One of the most characteristic traits to set humans apart from other living creatures is our big brains, but how exactly did we develop these brains? In a new study, researchers from the Max Planck Institute believe they have found the DNA mutation that led to this fortuitous development; meanwhile, research suggests that current childbirth trends may lead to further changes in the size of the human skull.

In a paper now published online in the journal Science Advances, a team explains how they have engineered a gene found only in humans, and their prehistoric cousins, the Denisovans and Neanderthals, that may be responsible for the growth of a larger brain. The gene, called ARHGAP11B, is believed to contain the single mutation that allowed humans to grow bigger brains.

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Because this mutation proved to be so advantageous for humans, it was retained throughout subsequent generations. Further growth spurts led to the brain we now recognize as “human,” but it was this original mutation that started it all. According to the study, the mutation occurred around 1 million years after the human line split from chimpanzee, which was between 5 and 6 million years ago.

However, human head size may not be done changing because of the increasing popularity of Caesarean births, according to the recent research. In simplest terms, evolution is all about “survival of the fittest,” and genes which did not allow individuals to survive long enough to reproduce usually died out. In the past, women whose pelvises were too narrow to deliver children, and children whose heads were too large to fit through their mothers' birth canals normally died during labor. However, medical interventions have now allowed individuals with these two traits to survive delivery. As a result, the “genes” for narrow birth canals and larger baby heads are able to be passed onto subsequent generations.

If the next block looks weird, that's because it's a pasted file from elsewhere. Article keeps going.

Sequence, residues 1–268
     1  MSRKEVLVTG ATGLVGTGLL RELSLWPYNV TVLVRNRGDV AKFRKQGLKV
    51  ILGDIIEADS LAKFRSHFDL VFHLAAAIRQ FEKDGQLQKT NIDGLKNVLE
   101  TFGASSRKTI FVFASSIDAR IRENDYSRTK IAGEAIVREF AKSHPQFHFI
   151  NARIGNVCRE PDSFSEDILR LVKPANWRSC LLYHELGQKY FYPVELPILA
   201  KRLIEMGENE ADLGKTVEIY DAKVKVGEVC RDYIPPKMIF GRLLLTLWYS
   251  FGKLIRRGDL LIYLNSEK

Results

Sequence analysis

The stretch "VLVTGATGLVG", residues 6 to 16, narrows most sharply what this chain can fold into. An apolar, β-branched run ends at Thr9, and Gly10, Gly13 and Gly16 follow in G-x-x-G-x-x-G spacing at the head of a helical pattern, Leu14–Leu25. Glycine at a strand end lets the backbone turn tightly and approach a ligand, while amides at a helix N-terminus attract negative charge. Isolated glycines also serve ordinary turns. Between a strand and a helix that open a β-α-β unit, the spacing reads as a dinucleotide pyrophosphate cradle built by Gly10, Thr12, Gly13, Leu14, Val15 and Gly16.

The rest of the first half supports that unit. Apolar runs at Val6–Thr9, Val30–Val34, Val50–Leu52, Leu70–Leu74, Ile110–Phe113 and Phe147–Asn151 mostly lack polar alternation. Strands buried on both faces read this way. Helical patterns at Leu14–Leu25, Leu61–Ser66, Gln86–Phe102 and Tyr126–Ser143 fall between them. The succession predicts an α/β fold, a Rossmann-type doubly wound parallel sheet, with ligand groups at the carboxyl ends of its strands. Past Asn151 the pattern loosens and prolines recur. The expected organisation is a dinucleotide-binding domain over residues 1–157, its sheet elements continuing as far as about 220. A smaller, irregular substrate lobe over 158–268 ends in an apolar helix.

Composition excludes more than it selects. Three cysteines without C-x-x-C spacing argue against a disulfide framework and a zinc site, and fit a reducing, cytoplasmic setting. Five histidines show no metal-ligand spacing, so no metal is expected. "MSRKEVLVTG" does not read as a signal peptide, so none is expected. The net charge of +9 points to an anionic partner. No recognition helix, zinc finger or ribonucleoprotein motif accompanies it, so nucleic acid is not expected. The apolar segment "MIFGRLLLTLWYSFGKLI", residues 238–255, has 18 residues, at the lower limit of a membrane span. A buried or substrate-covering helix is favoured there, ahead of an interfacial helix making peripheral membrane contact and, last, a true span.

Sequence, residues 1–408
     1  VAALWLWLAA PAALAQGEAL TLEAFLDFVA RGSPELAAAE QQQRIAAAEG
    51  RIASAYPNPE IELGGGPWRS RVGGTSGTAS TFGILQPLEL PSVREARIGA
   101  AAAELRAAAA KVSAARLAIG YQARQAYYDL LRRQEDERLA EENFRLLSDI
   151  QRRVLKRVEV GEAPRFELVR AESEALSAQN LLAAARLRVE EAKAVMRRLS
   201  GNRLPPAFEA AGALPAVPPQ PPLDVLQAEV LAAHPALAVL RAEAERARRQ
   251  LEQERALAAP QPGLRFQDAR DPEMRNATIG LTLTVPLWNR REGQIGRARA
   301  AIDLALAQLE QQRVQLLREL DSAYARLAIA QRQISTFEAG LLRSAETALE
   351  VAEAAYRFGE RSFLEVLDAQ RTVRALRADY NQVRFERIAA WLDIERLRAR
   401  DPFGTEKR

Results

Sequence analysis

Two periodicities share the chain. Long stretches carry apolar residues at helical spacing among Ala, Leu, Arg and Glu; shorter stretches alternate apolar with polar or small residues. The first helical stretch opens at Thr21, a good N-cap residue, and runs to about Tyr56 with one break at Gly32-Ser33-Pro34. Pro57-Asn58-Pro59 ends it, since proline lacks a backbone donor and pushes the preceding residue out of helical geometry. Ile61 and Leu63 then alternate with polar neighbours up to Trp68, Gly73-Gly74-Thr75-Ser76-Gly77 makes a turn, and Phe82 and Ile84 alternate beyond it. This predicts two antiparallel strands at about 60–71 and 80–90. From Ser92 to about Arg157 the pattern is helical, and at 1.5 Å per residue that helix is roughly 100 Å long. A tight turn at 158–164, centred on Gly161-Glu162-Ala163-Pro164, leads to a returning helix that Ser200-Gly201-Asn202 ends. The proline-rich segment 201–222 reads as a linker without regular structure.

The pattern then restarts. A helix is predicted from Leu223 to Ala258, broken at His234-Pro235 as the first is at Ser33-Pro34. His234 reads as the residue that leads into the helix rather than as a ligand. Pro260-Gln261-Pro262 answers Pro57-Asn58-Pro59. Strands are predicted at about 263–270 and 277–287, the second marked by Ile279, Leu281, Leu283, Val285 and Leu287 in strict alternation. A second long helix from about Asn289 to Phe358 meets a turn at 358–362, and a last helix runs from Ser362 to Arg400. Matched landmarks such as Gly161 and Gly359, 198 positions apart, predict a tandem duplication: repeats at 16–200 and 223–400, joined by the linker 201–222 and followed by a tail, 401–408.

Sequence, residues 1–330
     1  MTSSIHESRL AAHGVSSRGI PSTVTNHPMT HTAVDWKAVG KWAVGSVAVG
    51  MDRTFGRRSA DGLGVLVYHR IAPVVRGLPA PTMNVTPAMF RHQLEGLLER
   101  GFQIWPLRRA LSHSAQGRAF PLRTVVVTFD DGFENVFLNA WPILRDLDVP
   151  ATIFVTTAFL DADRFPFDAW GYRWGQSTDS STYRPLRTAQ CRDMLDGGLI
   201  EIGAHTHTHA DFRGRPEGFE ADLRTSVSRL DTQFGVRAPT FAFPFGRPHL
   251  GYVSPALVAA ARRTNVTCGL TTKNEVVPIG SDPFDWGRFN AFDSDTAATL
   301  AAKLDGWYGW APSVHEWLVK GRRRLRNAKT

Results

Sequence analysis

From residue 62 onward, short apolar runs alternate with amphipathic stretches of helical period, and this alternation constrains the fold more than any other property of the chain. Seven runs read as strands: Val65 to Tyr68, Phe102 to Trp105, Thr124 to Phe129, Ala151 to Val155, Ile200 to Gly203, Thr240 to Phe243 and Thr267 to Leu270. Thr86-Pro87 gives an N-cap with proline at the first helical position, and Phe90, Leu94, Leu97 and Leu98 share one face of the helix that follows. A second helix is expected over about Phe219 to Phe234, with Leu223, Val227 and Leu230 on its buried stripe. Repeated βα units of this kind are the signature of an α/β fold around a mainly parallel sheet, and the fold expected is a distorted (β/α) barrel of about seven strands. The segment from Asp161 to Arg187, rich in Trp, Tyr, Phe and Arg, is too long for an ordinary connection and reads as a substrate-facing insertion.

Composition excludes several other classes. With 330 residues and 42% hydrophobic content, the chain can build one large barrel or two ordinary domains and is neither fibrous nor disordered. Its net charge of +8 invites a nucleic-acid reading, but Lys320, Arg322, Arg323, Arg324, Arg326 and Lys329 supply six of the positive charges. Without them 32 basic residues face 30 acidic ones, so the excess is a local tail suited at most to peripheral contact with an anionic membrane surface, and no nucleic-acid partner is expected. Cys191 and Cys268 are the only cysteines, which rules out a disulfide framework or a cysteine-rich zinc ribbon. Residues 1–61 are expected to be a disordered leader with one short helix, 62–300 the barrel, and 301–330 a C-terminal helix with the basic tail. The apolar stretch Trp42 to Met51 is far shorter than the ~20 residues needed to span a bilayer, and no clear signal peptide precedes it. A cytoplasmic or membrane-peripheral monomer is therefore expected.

Although it's too soon to say just what type of effect this medical marvel will have on human evolution, some researchers have suggested that Caesarean births are actually making a difference.

"Without modern medical intervention, such problems often were lethal and this is, from an evolutionary perspective, selection," theoretical biologist Philipp Mitteroecker told the BBC."Our intent is not to criticise medical intervention, but it's had an evolutionary effect."

Source: Mitteroecker P, Huttegger SM, Fischer B, Pavlicev M. Cliff-edge model of obstetric selection in humans. PNAS . 2016

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Human Evolution Has Changed Us For Better Or For Worse

What Are Humans Evolving Into, Or Out Of?